Tag Archives: dignity and respect

Loving: Making Others Feel Important

News anchor Jose Diaz Balart concludes his program on MSNBC-TV every day with a dose of gratitude that leaves his audience feeling valued and validated, saying:

Thank you for the
PRIVILEGE of your time.

Jose Diaz Balart, MSNBC-TV

The dictionary says the word Privilege stems from the Latin privilegium which means the law as it applies to one person.”

So in effect Mr. Diaz Balart thinks of his audience as comprised for individuals who personally afford him their personal attention to tune in to his news program.

In the process, Mr. Diaz execises a key leadership skill : personally connecting to each person in his audience. In fact Army 4-star General Norm Schwarzkopf noted the discerning behavior of leaders who can see each tree in the forest. General Schwarzkopf said:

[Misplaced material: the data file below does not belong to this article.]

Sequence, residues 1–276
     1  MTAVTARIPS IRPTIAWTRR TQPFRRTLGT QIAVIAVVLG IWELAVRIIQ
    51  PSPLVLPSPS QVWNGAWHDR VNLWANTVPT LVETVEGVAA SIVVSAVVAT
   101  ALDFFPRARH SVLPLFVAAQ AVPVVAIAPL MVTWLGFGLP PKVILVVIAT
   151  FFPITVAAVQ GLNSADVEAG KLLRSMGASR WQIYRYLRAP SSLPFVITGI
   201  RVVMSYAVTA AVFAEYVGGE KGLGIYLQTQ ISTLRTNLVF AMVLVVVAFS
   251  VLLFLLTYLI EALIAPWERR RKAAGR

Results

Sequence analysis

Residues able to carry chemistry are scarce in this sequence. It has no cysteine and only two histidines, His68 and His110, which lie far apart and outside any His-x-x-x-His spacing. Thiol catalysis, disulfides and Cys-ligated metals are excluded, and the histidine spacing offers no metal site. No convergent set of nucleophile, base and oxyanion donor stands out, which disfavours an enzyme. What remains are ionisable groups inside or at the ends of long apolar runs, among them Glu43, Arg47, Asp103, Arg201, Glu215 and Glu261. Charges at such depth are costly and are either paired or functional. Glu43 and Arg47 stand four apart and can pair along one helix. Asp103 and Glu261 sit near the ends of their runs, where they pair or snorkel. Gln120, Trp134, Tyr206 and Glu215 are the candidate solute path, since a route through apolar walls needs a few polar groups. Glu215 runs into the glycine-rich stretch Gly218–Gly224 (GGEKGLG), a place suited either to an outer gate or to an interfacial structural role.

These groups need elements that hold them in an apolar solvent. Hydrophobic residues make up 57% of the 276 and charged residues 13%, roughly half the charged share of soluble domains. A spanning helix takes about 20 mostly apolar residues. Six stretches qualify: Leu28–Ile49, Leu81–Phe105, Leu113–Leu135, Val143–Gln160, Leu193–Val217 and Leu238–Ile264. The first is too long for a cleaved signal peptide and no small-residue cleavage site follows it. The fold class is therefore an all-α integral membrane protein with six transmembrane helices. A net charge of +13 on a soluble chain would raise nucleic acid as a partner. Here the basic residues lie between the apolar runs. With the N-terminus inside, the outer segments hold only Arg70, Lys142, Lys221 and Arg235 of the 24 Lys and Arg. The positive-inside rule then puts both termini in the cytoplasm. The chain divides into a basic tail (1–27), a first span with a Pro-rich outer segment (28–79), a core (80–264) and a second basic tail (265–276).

“I have seen competent leaders who stood in front of a platoon and all they saw was a platoon. But great leaders stand in front of a platoon and see it as 44 individuals, EACH of whom has aspirations, EACH of whom wants to live, EACH of whom wants to do good.”

And each of whom needs to be treated PERSONALLY with dignity and respect. That’s why the most influential leaders, in treating others individually, are more apt to reward their employees SPECIFICALLY not simply award them generally. They realize the difference between actively rewarding individuals for their effort (thank you for the privilege of your time and effort) and passively awarding (thanks for watching this news program as Mr. Diaz could have said.)

Awards are presented.